All participants were interviewed by trained personnel who used a standard questionnaire that evaluated lifestyle habits and various socio-demographic, clinical and biological characteristics. The study was approved by the Ethics Committee of our Institution and was carried in accordance with the declaration of Helsinki (1989) of the World Medical Association.

Dietary assessment

Consumption of non-refined cereals and products, vegetables, legumes, fruits, olive oil, dairy products, fish, pulses, nuts, potatoes, eggs, sweets, poultry, red meat and meat products were measured as an average per week during the past year through a validated food-frequency questionnaire (the EPIC-Greek) [19]. The frequency of consumption was then quantified approximately in terms of the number of times a month a food was consumed. Alcohol consumption was measured by daily ethanol intake, in wineglasses (100 ml and 12% ethanol concentration). The Mediterranean dietary pattern [20] consists of: (a) daily consumption: of non refined cereals and products (whole grain bread, pasta, brown rice, etc), vegetables (2 – 3 servings/day), fruits (6 servings/day), olive oil (as the main added lipid) and dairy products (1 – 2 servings/day), (b) weekly consumption: of fish (4–5 servings/week), poultry (3 – 4 servings/week), olives, pulses, and nuts (3 servings/week), potatoes, eggs and sweets (3 – 4 servings/week) and monthly consumption: of red meat and meat products (4 – 5 servings/month). It is, also, characterized by moderate consumption of wine (1 – 2 wineglasses/day) and high monounsaturated: saturated fat ratio (> 2). To evaluate the level of adherence to the Mediterranean dietary pattern a special diet score was used, the MedDietScore [21]; the score has been found reliable, repeatable and valid, in previous works [22]. In particular, for the consumption of food items that are close to this dietary pattern we assigned score 0 for rare or no consumption, 1 for 1 to 4 times/month, 2 for 5 to 8 times, 3 for 9 to 12 times/month, 4 for 13 to 18 times/month and 5 for almost daily consumption. On the other hand, for the consumption of foods that are away from this traditional diet, like meat and meat products, we assigned the opposite scores (i.e. 0 for almost daily consumption to 5 for rare or no consumption). For alcohol, we assigned score 5 for consumption of less than 3 wineglasses/day and, progressively, score 0 for consumption of more than 7 wineglasses/day. Thus, the range of the diet score is between 0 – 55. Higher values of the suggested dietary score indicate greater adherence to the traditional Mediterranean diet.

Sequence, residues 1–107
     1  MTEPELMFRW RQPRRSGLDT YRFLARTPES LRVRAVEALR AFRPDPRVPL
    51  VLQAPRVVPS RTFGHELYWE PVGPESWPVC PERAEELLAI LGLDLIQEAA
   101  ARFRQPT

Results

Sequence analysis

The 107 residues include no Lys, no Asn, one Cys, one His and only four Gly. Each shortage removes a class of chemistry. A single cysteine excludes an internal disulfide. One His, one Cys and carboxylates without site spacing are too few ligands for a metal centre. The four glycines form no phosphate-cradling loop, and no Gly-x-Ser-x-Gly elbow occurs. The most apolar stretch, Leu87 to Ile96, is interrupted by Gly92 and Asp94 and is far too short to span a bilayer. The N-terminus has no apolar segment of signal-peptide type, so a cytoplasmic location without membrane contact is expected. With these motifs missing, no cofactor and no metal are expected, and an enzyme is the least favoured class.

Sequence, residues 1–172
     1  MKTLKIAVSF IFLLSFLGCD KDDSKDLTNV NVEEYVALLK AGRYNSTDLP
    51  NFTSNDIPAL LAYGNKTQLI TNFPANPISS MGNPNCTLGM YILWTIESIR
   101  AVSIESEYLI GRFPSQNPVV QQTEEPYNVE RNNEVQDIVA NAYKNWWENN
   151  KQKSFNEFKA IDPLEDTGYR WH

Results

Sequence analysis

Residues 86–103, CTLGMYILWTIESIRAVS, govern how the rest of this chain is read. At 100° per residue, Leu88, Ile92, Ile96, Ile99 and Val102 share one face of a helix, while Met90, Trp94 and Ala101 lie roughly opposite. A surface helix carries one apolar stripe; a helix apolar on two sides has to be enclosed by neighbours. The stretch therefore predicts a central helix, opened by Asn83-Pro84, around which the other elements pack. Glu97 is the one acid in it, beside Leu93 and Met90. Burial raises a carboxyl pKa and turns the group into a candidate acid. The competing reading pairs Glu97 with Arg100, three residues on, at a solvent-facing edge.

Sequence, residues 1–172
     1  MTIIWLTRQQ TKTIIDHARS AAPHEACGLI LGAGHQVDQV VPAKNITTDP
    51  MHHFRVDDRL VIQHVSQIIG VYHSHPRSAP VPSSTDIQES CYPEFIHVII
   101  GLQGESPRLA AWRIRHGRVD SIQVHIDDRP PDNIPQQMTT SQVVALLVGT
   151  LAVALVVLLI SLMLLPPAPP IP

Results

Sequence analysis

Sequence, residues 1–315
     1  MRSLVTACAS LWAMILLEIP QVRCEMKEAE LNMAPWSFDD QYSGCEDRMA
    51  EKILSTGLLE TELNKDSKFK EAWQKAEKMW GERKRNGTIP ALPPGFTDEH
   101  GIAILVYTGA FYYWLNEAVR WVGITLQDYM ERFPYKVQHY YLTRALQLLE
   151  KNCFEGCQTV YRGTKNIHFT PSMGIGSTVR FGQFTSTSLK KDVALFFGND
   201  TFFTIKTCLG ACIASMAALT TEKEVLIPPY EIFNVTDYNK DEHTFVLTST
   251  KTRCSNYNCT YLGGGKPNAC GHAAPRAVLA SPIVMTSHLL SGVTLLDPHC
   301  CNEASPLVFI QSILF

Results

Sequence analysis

Biochemical measurements

The blood samples were collected from the antecubital vein between 8 to 10 a.m., in a sitting position after 12 hours of fasting and avoiding of alcohol. Serum was harvested immediately after admission. The biochemical evaluation was carried out in the same laboratory that followed the criteria of the World Health Organization Lipid Reference Laboratories. ALT, AST and γ-GT but also blood lipids were measured by using chromatographic enzymic method in an automatic analyzer (RA-1000, Dade Behring, Marburg, Germany). The intra-assay and inter-assay coefficient of variation was <5% for ALT, AST and γ-GT. An internal quality control was in place for assessing the validity of cholesterol, triglyceride and HDL methods. The intra and inter-assay coefficients of variation of cholesterol levels did not exceed 9%, triglycerides 4% and HDL 4%. Blood glucose levels were measured with a Beckman Glucose Analyzer. The intra-assay coefficient of variation was 9% and the limit of detection was 3 μU/mL.

Demographic, clinical and lifestyle characteristics

The study's questionnaire also included demographic characteristics like age, gender, and education level in years of school. Information about smoking habits was collected using a standardized questionnaire developed for the Study. Current smokers were defined as those who smoked at least 1 cigarette per day, former smokers were defined as those who had stopped smoking more than 1 year previously and the rest were defined as non-current smokers. For the ascertainment of physical activity status we used the International Physical Activity Questionnaire (IPAQ), as an index of weekly energy expenditure using frequency (times per week), duration (in minutes per time) and intensity of sports or other habits related physical activity (in MET/minutes) [23]. Participants who did not report any physical activities were defined as sedentary.

Body mass index (BMI) was calculated as weight (in kilograms) divided by height (in meters) squared. Based on the World Health Organization classification, overweight was defined as BMI between 25 and 29.9 kg/m2, and obesity was defined as BMI 30 kg/m2. [24] We also measured waist circumference (in centimetres) in the middle between the 12th rib and iliac crest. Arterial blood pressure was measured three times at the end of the physical examination with subject in sitting position. Participants whose average blood pressure levels were greater or equal to 140/90 mmHg or were under antihypertensive medication were classified as hypertensive subjects [25]. Hypercholesterolemia was defined as total serum cholesterol levels greater than 200 mg/dL or the use of lipid-lowering agents and diabetes mellitus as a blood sugar > 125 mg/dL or the use of antidiabetic medication [26].